Shareholders believe that companies that have undertaken such analysis, using a range of demand and price scenarios, and that have developed plans to manage, mitigate, and adapt to changing energy markets are more likely to remain competitive. Moreover, this analysis will help Anadarko assess the utility of future investments in high cost resources versus diversifying into low carbon products or returning capital to shareholders. This information will also assist shareholders in understanding Anadarko’s ability to compete with low cost, low carbon substitutes for its products.


Anadarko’ Opposition Arguments are as follows:
The company is taking actions to reduce greenhouse gas emissions and has an established an Air-Quality Committee to address emissions.
Taking action to reduce a company’s greenhouse gas emissions, while important, is distinct from addressing stranded asset risk. Stranded asset risk is best addressed through methods such as diversifying investments toward low carbon energy sources, or returning capital to investors. Further, addressing the company’s own greenhouse gas emissions does not substitute for the scenario planning and financial risk analysis requested by this proposal. This is equally true for the Air-Quality Committee’s goals of reducing the company’s air pollution emissions.
The company states that it addresses climate related risks and opportunities in its Carbon Disclosure Project report.
While Anadarko does respond to some questions in its CDP report that are helpful for understanding risks associated with climate change, CDP responses are optional and consequently Anadarko did not complete many key questions addressing stranded asset risk. Anadarko’s 2014 CDP reporting scores is low among its peers, with a performance score of a “C”. Additionally, Anadarko does not provide quantitative information relevant to understanding its stranded asset risk. Anadarko also does not respond to the CDP question that is the subject of this proposal: “​Do you conduct any scenario analysis based on a low-carbon scenario consistent with reducing GHG emissions by 80% by 2050 to achieve the 2°C goal . . . ?” Anadarko leaves unanswered other questions in its CDP report relevant to disclosing risks of stranded assets, including information on capital expenditures and the total expected return on capital allocation in such scenarios. Anadarko’s CDP reporting inadequately explains the company’s ability to monetize its assets in low demand scenarios.
In its 2013 sustainability report, the company cites to a variety of forecasts from which it concludes that there is not a substantial risk that its reserves will not be monetized, and that markets are currently valuing carbon assets rationally.
Anadarko’s position recognizes climate change, but rejects the idea that governments will adopt the regulatory actions necessary to address it or that demand for its product will fall due to other climate-related drivers. The forecasts relied on by Anadarko are likely best case scenarios for the company. This is not responsive to shareholders’ request that Anadarko undertake an analysis of less favorable events, including a 2 degree scenario, and assess the impact on the company if they occur. For instance, the IEA projects a forty percent reduction of demand (compared to a business as usual) associated with climate change regulations that have a chance at limiting global temperature increases to 2 degrees. Such a scenario will have dramatic effects on global fossil fuel supplies and selling price, particularly for higher cost reserves, thus creating ramifications across the industry and greatly effecting this company’s performance.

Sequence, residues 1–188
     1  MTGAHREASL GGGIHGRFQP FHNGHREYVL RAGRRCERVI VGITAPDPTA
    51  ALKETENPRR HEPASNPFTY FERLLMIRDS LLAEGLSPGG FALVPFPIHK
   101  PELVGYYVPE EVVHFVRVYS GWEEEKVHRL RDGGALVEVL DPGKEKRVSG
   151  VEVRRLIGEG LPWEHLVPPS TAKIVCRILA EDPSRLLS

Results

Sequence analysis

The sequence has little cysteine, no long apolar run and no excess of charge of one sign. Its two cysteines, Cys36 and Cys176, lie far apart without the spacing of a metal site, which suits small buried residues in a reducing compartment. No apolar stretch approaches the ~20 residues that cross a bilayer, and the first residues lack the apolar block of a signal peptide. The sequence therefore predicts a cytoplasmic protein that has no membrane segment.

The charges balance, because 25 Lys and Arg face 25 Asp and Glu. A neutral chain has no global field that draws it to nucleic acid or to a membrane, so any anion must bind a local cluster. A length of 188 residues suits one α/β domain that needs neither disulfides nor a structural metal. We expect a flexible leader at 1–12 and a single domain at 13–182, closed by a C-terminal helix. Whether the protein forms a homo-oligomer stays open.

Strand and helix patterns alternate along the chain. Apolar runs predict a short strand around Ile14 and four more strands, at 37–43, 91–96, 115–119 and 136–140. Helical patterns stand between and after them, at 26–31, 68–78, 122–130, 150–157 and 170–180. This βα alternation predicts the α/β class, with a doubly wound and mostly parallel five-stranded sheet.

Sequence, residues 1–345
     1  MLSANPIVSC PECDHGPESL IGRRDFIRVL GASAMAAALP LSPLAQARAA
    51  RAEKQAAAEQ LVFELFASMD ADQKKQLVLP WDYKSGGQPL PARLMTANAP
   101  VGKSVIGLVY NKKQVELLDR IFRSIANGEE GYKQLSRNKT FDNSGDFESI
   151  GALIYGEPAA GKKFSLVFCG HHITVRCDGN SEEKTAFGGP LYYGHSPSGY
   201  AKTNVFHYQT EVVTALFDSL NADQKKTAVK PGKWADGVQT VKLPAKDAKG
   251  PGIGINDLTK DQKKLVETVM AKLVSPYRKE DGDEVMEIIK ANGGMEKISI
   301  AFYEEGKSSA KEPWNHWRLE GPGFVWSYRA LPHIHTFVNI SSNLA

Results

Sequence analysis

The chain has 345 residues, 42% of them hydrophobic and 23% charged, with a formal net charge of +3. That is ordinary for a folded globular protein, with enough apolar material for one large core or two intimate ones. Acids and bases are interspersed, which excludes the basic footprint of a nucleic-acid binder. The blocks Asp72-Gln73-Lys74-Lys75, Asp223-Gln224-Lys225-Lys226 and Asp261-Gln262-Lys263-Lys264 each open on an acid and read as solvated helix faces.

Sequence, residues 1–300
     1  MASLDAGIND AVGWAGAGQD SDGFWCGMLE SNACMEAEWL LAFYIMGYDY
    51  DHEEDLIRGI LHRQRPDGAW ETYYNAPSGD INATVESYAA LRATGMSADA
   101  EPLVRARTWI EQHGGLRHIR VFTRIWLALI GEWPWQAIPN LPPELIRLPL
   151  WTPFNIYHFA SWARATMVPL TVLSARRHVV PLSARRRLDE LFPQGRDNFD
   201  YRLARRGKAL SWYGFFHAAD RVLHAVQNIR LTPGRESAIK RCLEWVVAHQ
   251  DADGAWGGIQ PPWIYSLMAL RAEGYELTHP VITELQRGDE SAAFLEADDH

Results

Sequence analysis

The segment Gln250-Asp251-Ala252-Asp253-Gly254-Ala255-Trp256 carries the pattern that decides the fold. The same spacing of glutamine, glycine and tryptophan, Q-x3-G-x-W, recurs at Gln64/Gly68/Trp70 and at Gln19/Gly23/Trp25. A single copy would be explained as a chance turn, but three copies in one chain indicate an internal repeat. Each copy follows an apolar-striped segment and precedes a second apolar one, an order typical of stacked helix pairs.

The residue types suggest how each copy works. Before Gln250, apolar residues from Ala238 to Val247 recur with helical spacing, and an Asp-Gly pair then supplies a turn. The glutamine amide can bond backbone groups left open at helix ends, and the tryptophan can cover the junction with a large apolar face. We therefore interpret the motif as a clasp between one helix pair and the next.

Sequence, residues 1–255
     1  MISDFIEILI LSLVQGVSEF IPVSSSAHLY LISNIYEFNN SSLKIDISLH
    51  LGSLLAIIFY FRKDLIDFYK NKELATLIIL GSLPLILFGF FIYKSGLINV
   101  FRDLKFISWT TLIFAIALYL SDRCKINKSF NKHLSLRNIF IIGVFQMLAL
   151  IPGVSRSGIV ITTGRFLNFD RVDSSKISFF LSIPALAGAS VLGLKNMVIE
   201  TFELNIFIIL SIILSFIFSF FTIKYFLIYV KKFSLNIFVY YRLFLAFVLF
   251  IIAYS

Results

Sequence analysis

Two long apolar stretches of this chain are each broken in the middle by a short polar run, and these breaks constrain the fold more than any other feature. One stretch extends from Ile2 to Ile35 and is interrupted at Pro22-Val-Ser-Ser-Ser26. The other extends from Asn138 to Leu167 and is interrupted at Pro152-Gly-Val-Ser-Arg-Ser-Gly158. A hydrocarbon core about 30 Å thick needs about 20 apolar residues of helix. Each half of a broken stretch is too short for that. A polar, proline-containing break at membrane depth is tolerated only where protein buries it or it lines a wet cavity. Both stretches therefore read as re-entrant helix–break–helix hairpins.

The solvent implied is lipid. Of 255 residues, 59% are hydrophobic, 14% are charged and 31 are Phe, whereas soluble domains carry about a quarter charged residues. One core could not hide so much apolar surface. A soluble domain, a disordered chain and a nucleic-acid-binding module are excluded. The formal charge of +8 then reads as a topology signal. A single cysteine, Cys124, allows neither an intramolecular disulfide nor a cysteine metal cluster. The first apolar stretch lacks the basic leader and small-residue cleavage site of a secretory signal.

The Proposal asks for the requested assessment even if the company believes such an outcome is unlikely. The precipitous drop in oil prices over the past year, which has hurt the company, demonstrates that price declines can adversely affect the company. Investors are not served by simply accepting Anadarko’s assurance that everything will be fine.

Rather, the requested report will provide information to investors as to whether or not Anadarko’s strategic investment decisions have made carbon asset risk a non-substantial concern. Additionally, as noted above, many investors, including long term institutional investors, understand carbon asset risk to be an important factor to consider, reflecting an increased prioritization on climate-associated risks. The Bank of England has publically addressed carbon asset risk and the potential for stranded fossil fuel assets in its One Bank Research Agenda, noting that climate change presents a category of transition risk “for central banks to consider, including the potential for carbon intensive assets becoming ‘stranded.’”


In 2014, ExxonMobil publicly agreed to issue a report on carbon asset risk. Although this report only met shareholder requests on the margins, it was the first company to undertake the task. Shell and BP have made public statements that they are supporting similar shareholder proposals addressing the financial risk and investment strategies associated with low demand scenarios.


Proponents are asking Anadarko to use its planning team to assess risks and to provide shareholders with information about how the company is prepared to withstand or make use of opportunities related to carbon constrained, low demand scenarios. The analysis and planning called for by this resolution is a reasonable undertaking. A variety of academic research and information exists to assist the company in projecting these types of scenarios such as the demand-by-fuel-type included in the 2014 World Energy Outlook prepared by the IEA. Bloomberg also provides a financial tool, in its terminal software, that provides users with a quantitative model for predicting carbon asset risk.
The information requested in this proposal is key to demonstrating to shareholders that the company is effectively managing business risk associated with the potential stranding of fossil fuel reserves and assets due to climate change drivers. Such information is critical to assisting investors in making educated decisions about the benefits or risks associated with investing in this company.